In 45 days, Donald Trump will become the 45th president of the United States. One of the top priorities of that administration is to repeal and replace Obamacare. The man who will be at the forefront of that is Georgia Congressman Tom Price. President-elect Trump has nominated him as the next secretary of Health and Human Services.

At Emory University, the Law School conducts classes you expect — contracts, torts — but it also offers one you might not: Drama. The professor behind it — and before it — is Janet Metzger.  We talked with her and law student Prasad Hurra about the class as part of our series, “Lessons from Left Field."

Sean Powers / On Second Thought

Hundreds of firefighters from all over the country have battled the Rock Mountain Fire in North Georgia. They're winning. It’s nearly contained. A local Jewish camp opened its doors to these crews as they fought to contain the blaze. GPB's Sean Powers visited the campsite.

Emory University

A Georgia lawmaker plans to introduce legislation to discipline universities that declare "sanctuary" status for undocumented immigrants.

Sam Hatcher

In 1916, two teams played one of the most lopsided games in college football history. Georgia Tech beat Cumberland College with a score of 222–0. We talk with author Sam Hatcher about his new book on the game, and how he says it forever changed college football in the South. 

Screenshot

This week, Atlanta-based Delta Airlines banned a disruptive passenger for life. This passenger was captured on video a week earlier shouting pro-Donald Trump and anti-Hillary Clinton remarks on a flight from Atlanta to Allentown, Pennsylvania. In addition to banning this passenger, Delta also gave refunds to people aboard that flight. Delta's decision came after the airline was criticized for its initial inaction in the matter.

Sean Powers / On Second Thought

Yesterday, Georgia governor Nathan Deal suspended all five members of the Dooly County school board following concerns about the district's accreditation. High school graduation rates in Georgia remain below the national average, but data released last month by the U.S.

New York Public Library

Barbeque has been a culinary staple in the South for generations. By the Civil War, many barbeque cooks were enslaved African-Americans, according to food writer and editor Robert Moss.  He recently wrote about two of these talented cooks from Augusta, Georgia. Moss and culinary historian Michael Twitty tell us about the forgotten African-American influence on barbeque.

Netflix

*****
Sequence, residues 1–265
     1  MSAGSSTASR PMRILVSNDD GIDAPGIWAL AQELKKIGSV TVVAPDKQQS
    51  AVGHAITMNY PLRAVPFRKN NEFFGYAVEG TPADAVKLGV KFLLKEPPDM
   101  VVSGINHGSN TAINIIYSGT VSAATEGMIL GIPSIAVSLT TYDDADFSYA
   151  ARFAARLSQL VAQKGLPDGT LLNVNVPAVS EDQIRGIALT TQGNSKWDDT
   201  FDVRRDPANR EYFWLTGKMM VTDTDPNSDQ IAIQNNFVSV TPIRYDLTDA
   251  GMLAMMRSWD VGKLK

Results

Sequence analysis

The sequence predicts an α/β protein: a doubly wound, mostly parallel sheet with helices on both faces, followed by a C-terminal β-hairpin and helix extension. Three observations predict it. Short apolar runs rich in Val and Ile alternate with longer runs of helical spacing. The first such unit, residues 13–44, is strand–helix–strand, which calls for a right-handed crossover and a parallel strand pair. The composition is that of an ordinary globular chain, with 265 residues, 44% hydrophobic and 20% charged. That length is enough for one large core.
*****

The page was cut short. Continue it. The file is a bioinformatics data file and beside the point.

What celebrity sightings might you be in store for this week? That all depends on what film projects are taking place around the state. We get an update on who’s currently on set from Jennifer Brett of the Atlanta Journal-Constitution’s Buzz Blog.

2dollarshoes / flickr

In 2015, more than half of American workers opted not to take advantage of paid vacation time. The group Project: Time Off found that added up to 658 million unused vacation days. Workplace consultant Jeanne Meister tells us how we became a nation of workaholics. 

Thirty years ago, one cookbook called  "White Trash Cooking" shook up the culinary world. The title alone was enough to offend some people, and the recipes -- with ingredients like canned corned beef and potato chips -- offered a glimpse into what was served in the homes of poor Americans in the South. We look back on its controversial legacy with Southern Foodways Alliance director John T.

Sean Powers / On Second Thought

Fifty-five years ago, the University of Georgia accepted its first African-American students. It was the kind of progress Bill Shipp had demonstrated for years earlier.

Library of Congress

The next time the you open your kitchen cabinets, consider this: a lot of the processed food we eat today started off as food for soldiers. The Army has a long history of culinary innovation that’s trickled down to our homes. We listen back to our conversation with writer Anastacia Marx de Salcedo, author of the book "Combat-Ready Kitchen: How the U.S.

LA Johnson / NPR

The United States has the lowest college completion rate in the developed world. It's not easy to fix, but what if schools knew early which students might drop out? A new report from the New America Foundation says at least 40 percent of schools try to gauge student performance by comparing past students to current ones. It's called predictive analytics, but how well does it work?

President-elect Donald Trump says he plans to crack down on people living in the country illegally by deporting or jailing those with criminal records. A recent Southern Poverty Law Center report shows undocumented immigrants in Georgia are already deported and denied bond at rates higher than the national average. GPB’s Sean Powers followed the case of one man stuck in a Georgia detention center as he seeks political asylum.

 

 

PABLO MARTINEZ MONSIVAIS / The Associated Press

In the week since Donald Trump won the presidential race, we’ve learned more about what to expect from him in the Oval Office. Trump's campaign and ultimate success changed the political playbook in many ways. This election year also exposed how divided we are as a nation. What are the challenges we need to address before we can move forward?